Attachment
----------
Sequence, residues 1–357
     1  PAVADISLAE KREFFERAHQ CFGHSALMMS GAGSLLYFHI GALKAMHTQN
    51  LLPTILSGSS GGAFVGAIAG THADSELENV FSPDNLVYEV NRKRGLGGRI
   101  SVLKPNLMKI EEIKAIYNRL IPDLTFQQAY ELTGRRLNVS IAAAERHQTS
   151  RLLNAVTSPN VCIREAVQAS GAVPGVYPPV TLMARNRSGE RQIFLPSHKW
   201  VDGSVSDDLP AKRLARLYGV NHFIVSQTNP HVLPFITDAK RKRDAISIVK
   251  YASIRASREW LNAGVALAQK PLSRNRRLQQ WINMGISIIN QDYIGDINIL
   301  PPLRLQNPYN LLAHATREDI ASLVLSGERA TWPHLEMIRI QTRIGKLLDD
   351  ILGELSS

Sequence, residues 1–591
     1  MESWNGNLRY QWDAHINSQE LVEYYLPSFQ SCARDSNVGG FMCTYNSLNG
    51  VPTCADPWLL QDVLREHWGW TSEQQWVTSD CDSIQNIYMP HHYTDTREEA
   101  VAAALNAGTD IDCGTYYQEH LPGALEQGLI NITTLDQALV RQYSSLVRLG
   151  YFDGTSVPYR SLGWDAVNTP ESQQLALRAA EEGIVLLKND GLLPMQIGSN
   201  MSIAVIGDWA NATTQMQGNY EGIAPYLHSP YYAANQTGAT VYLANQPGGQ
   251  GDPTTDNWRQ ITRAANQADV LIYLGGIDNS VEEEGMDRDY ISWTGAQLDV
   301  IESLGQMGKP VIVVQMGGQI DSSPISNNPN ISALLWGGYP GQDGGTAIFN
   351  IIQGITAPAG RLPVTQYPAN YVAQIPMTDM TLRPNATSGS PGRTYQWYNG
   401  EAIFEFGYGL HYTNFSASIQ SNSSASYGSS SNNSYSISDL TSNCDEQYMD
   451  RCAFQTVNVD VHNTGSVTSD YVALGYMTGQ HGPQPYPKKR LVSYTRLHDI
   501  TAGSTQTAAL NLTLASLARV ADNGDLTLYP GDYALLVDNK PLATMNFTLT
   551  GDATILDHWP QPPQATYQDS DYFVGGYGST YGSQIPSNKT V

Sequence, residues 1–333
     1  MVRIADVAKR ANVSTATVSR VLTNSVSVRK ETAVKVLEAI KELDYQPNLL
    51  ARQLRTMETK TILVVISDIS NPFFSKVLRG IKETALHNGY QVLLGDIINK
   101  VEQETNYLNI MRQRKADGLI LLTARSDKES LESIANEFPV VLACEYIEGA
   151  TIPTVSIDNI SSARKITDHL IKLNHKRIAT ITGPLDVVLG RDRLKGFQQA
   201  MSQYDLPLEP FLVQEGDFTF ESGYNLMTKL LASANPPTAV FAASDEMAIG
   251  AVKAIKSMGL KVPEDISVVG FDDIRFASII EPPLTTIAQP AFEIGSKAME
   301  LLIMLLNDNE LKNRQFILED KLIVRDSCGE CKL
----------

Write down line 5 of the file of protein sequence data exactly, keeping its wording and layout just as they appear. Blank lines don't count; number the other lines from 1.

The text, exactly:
   151  RLLNAVTSPN VCIREAVQAS GAVPGVYPPV TLMARNRSGE RQIFLPSHKW